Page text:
Supreme Court Justice Antonin Scalia’s assertion that African-Americans perform better at lesser-performing schools is non-factually based ramblings at best and insidiously racist rhetoric at worst.
Justice Scalia’s remarks came during the second hearing for the Fisher v. University of Texas Austin case, wherein plaintiff Abigail Fisher is suing the University of Texas at Austin for not admitting her, on what she thinks is because of racial bias.
Fisher, who is white, did not meet the criteria to gain admittance to the university.
University of Texas at Austin accepts all students who graduated in the top 10 percent of their high school class. If a student does not graduate in the top 10 percent of their class, they can still gain admittance if their standardized test scores are high, have an exceptional essay and are highly involved in community service.
Fisher did not graduate in the top 10 percent of her class. Her SAT score was 1180 out of 1600.
According to the Washington Post, 47 applicants were accepted in Fisher’s year who had lower grades and test scores than hers. Fourty two of those applicants were white.
One hundred sixty eight applicants who were equally or more qualified for admission into the University of Texas at Austin were denied admission. They were also African-American or Hispanic.
This case, which could end affirmative action as we know it, is based on little more than a white girl’s incorrect assumption that she was denied admission to a university based on race.
This case also seems to have brought out the worst in Scalia, who was appointed by then President Ronald Reagan in 1986.
Scalia is the longest-serving justice in the court and has long been an opponent of affirmative action.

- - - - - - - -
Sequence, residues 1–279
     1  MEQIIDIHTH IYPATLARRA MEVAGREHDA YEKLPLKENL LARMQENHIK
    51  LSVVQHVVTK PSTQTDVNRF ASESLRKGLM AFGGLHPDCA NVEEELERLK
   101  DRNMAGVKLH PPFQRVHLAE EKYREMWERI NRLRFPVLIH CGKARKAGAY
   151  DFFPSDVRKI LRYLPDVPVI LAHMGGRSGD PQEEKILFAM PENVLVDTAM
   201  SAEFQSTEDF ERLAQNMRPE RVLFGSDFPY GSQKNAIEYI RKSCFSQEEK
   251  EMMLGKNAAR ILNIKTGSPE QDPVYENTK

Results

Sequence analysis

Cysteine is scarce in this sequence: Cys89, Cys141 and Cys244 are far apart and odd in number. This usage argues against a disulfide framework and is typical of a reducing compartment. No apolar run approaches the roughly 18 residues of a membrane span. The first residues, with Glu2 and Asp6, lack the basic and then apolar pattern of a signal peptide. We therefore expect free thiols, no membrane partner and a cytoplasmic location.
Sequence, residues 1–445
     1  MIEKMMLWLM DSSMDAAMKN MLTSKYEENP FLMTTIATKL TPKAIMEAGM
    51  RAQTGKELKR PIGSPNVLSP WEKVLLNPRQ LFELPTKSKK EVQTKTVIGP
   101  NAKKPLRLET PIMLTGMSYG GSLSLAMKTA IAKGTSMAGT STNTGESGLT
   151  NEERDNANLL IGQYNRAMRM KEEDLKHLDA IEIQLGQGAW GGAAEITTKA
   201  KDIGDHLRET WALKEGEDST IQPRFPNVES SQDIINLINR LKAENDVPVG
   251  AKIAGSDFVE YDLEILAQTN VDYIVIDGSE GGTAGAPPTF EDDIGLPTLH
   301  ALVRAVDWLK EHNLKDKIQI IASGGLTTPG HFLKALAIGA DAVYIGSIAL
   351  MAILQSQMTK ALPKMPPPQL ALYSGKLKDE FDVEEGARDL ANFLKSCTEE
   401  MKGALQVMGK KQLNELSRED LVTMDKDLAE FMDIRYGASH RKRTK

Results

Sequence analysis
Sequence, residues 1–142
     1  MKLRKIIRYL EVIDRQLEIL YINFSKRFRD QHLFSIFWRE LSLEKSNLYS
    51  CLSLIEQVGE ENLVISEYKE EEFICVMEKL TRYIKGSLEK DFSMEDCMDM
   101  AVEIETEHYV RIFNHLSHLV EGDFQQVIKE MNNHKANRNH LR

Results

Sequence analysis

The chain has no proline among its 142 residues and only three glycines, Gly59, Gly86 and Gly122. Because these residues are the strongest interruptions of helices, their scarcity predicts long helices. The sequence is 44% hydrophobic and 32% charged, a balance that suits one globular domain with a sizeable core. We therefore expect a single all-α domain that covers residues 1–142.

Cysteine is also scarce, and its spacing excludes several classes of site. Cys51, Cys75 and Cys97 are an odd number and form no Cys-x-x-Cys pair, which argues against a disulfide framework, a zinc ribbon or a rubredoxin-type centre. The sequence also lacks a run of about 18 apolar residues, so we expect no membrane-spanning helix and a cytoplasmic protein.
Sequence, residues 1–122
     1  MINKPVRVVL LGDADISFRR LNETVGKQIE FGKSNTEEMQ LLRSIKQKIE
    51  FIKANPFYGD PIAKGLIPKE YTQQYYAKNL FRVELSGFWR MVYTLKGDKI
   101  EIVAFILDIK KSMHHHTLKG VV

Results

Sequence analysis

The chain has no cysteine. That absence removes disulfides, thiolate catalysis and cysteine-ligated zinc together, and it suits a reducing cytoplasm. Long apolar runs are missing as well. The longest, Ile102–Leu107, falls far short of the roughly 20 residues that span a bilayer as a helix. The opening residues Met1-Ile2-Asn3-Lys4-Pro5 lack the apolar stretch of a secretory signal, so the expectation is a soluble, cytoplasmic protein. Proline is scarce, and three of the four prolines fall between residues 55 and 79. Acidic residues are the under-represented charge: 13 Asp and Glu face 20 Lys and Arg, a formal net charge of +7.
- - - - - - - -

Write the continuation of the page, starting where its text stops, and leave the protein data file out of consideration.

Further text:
His remarks that African-Americans would do better at lesser-performing schools have been met with much dissent from within the African-American alum network of the University of Texas at Austin who began the hashtag #StayMadAbby in opposition to Scalia and the case.
Scalia does have a point though. Anyone who is enrolled in a less-performing school would probably excel more than at a high-performing school, as the standards and work load are probably lesser.
The Supreme Court is doing little more than wasting time by hearing Fisher’s case again.
Not only was Fisher denied acceptance to the university because of her lack of academic credentials, but she has since graduated from Louisiana State University.
Why she has continued to appeal this case is beyond any stretch of the imagination, especially since she didn’t lose anything, save for the $100 application fee to the University of Texas at Austin.
Hopefully, the court will put this measure to bed, affirmative action will remain intact and Scalia and Abby can stay mad together.